2. Seah GT, Gao PS, Hopkin JM, Rook GA. Interleukin-4 and its alternatively spliced variant (IL-4delta2) in patients with atopic asthma. Am J Respir Crit Care Med. 2001 Sep 15; 164(6):1016-8. View on Pubmed
  3. Gao PS, Mao XQ, Enomoto T, Feng Z, Gloria-Bottini F, Bottini E, et al. An asthma-associated genetic variant of STAT6 predicts low burden of ascaris worm infestation. Genes Immun. 2004 Jan; 5(1):58-62 View on Pubmed
  4. Huang JL, Gao PS, Mathias RA, Hsu SC, Plunkett B, Togias A, et al. Sequence variants of the gene encoding chemoattractant receptor expressed on Th2 cells (CRTH2) is associated with asthma and differentially influences the mRNA stability. Hum Mol Gent 2004; 13(21):2691-7. View on Pubmed
  5. Gao PS, Rafaels NM, Hand T, Murray T, Boguniewicz M, Hata T, et al. A Filaggrin Mutation Strongly Associated with Atopic Dermatitis Confers Greater Risk for Eczema Herpeticum in Diverse Ethnic Groups. J Allergy Clin Immunol 2009; 124(3):507-13.
  6. Gao PS, Shimizu K, Grant AV, Rafaels NM, Zhou LF, Hudson SA, et al. Polymorphisms in the sialic acid-binding immunoglobulin-like lectin-8 (Siglec-8) gene are associated with susceptibility to asthma. Eur. J Hum Genet 2010; 18(6):713-9. View on Pubmed
  7. Sherrill JD, Gao PS, Stucke EM, Blanchard C, Collins MH, Putnam PE, et al. Variants of thymic stromal lymphopoietin associate with eosinophilic esophagitis. J Allergy Clin Immunol 2001; 126(1):160-5.
  8. Gao PS, Grigoryev DN, Rafaels NM, Mu DG, Wright JM, et al. CD14, a Key Candidate Gene Associated with Specific Immune Response to Cockroach. Clin Exp Allergy 2010, Jul 4. [Epub ahead of print]. View on Pubmed
  9. Leung DY, Gao PS , Grigoryev DN, Rafaels NM, Streib JE, Howell MD, A et al (2011) Human Atopic Dermatitis Complicated by Eczema Herpeticum is Associated with Abnormalities in Gamma Interferon Response. J Allergy Clin Immunol 2011; 127: 965-73 .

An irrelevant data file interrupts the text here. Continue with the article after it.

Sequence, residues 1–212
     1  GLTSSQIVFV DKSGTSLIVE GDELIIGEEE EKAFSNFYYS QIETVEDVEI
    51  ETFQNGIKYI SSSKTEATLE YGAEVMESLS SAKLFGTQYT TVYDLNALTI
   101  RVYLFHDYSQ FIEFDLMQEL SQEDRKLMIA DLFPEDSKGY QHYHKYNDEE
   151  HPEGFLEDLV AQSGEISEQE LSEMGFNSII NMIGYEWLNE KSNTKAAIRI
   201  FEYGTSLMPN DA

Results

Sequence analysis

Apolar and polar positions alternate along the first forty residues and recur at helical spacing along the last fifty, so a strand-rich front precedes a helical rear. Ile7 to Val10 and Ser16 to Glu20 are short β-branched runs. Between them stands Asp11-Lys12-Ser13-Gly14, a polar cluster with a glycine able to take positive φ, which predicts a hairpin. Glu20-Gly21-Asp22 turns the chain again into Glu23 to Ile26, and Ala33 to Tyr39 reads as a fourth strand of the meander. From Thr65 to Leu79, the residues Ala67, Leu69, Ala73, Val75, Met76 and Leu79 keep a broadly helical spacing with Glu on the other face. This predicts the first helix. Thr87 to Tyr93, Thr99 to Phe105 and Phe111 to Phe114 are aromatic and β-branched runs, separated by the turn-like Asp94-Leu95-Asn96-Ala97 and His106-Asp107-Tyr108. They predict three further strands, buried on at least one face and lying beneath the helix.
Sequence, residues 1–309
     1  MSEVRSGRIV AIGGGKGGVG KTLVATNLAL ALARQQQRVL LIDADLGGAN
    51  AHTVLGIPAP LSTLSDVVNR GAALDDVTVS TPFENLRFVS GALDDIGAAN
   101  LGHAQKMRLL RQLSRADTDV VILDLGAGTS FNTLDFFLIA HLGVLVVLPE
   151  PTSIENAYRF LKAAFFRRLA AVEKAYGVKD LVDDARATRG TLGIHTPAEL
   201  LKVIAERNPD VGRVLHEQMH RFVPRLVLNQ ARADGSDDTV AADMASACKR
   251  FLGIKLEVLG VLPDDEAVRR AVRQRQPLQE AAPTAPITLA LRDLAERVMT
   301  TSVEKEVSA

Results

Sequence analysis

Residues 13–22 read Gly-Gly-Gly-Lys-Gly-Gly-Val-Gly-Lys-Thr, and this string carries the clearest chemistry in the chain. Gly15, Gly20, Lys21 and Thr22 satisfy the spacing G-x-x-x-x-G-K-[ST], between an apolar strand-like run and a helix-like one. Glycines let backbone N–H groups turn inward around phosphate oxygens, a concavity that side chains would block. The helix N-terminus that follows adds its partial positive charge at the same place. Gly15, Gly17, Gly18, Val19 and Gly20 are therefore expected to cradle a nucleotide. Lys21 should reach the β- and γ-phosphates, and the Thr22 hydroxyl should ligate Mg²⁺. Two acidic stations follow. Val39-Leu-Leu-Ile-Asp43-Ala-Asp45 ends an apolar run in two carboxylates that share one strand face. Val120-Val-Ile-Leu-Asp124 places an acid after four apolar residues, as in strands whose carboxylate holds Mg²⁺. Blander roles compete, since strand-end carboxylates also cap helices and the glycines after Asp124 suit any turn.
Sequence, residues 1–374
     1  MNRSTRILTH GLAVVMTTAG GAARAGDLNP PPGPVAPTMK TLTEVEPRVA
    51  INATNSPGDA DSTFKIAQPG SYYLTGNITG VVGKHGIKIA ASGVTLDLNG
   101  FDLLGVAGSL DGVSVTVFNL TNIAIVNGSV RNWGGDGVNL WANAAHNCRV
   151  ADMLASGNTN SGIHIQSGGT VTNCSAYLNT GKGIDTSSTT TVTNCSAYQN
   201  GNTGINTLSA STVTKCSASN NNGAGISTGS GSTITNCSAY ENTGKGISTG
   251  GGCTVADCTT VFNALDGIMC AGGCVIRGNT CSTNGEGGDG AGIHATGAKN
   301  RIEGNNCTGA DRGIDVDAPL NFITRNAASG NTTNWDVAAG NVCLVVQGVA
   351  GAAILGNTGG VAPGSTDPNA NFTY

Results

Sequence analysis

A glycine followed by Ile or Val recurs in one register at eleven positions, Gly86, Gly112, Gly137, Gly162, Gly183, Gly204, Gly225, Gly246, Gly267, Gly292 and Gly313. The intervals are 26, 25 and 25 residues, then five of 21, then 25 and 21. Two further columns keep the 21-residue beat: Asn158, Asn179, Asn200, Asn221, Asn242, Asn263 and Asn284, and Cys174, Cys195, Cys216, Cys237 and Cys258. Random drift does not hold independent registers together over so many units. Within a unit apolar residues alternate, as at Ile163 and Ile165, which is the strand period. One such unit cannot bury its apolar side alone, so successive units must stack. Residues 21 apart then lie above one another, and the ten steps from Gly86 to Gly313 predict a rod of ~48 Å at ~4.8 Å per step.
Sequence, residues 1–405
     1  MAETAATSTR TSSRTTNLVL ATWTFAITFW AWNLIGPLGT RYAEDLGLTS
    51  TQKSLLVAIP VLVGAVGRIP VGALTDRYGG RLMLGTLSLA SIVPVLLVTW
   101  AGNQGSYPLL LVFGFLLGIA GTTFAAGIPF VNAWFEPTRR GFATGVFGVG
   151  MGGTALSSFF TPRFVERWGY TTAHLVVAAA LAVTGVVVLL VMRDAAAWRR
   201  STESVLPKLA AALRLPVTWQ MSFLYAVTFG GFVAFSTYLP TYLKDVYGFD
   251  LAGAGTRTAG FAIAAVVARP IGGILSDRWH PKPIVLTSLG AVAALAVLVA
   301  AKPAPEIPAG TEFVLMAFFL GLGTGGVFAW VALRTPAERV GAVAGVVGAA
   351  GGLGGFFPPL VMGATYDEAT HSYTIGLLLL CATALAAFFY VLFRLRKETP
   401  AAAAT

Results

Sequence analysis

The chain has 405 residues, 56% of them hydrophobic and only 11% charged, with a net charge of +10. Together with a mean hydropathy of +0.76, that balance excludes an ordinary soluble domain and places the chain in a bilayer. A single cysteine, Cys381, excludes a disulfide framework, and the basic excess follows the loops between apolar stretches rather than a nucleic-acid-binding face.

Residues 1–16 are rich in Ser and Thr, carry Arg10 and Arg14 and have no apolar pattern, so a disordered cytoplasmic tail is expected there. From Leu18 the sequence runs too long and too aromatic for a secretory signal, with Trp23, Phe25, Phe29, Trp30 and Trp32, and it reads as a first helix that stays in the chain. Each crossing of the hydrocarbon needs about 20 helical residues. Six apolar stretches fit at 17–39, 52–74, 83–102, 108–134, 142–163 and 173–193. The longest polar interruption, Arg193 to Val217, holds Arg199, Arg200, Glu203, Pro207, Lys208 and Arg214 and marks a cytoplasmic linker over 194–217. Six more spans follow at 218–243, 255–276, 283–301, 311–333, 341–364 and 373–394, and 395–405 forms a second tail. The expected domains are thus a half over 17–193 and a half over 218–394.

10. Gao PS , Leung DYM, Rafaels NM, T Hand T, Boguniewicz M, Hata T, Schneider JT, Hanifin JM, Gallo RL, Gao L, Beaty TH, Beck LA, Weinberg A, Barnes KC. Genetic Variants in Interferon Regulatory Factor 2 (IRF2 ) are Associated with Atopic Dermatitis and Eczema Herpeticum. J Invest Derm 2012 Mar;132(3 Pt 1):650-7.
  11. Zhou YF, Tung HY, Tsai YM, Hsu SC, Chang HW, Kawasaki H, Tseng HC, Plunkett B, Gao PS, Vonaki BM, Huang SK. Aryl hydrocarbon receptor controls murine mast cell homeostasis. Blood 2013 Apr 18; 121(16):3195-204.
  12. Tsai YM, Hsu SC, Zhang J, Zhou YF, Plunkett B, Huang SK, Gao PS . Functional Interaction of CockroachAllergens and Mannose Receptor (CD206) in Human Circulating Fibrocytes. PLoS ONE 2013 May 29; 8(5):e64105.
  13. Zhou YF, Mirza S,Xu T, Tripathi P, Plunkett B, Myers A, Gao PS. Aryl hydrocarbon Receptor (AhR) Modulates Cockroach Allergen Induced Immune Responses through Active TGFβ1 Release. Mediators of Inflammation 2014; 2014:541479.
  14. Gao PS, Zhou YF,Xian LL,Li CJ, Xu T,Plunkett B, Huang SK, Wan M, CaoX. Functional Effects of TGF-beta1 on Mesenchymal Stem Cell Mobilization in Cockroach Allergen Induced Asthma. J Immunol. 2014; May 15;192(10):4560-70.
  15. Ando T, Xiao W, Gao PS, Namiranian S, Matsumoto K, Tomimori Y, Hong H, Yamashita H, Kimura M, Kashiwakura JI, Hata TR, Izuhara K, Gurish MF, Roers A, Rafaels NM, Barnes KC, Jamora C, Kawakami Y, Kawakami T. Critical role for mast-cell Stat5 activity in skin inflammation. Cell Reports 2014 Jan 30;6(2):366-76.
  16. Hong X, Hao K, Ladd-Acosta C, Hansen KD, Tsai HJ, Liu X, Xu X, Thornton TA, Caruso D, Keet CA, Sun YF, Wang GY, Luo W, Kumar R, Fuleihan R, Singh AM, Kim JS, Story RE, Gupta RS, Gao PS, Chen Z, Walker SO, Bartell TR, Beaty TH, Fallin MD, Schleimer R, Holt PG, Nadeau KC, Wood RA, Pongracic JA, Weeks DE, Wang XB. Genome-wide Association Study Identifies Peanut Allergy-Specific Loci and Evidence of Epigenetic Mediation in U.S. Children. Nature Communications 2015 In press.

Contact for Research Inquiries

Johns Hopkins Asthma & Allergy Center (3B.71)
5501 Hopkins Bayview Circle
Baltimore, MD 21224 map
Phone: 410-550-2124

Activities & Honors


  • American Academy of Allergy, Asthma and Immunology (AAAAI) Interest Section Award, 2007
  • Outstanding Pediatric Allergy, Asthma and Immunology Abstract Award (AAAAI), 2010
  • Research Excellent Awards, AAAAI/Sepracor, 2004
  • Annual Respiratory Disease Young Investigator Award, 2005
  • Award, American Lung Association of Maryland, 2007
  • Rheumatic Disease Research Core Center (RDRCC) Award, NIH, 2007
  • Clinical Research Junior Faculty Award, Johns Hopkins, 2009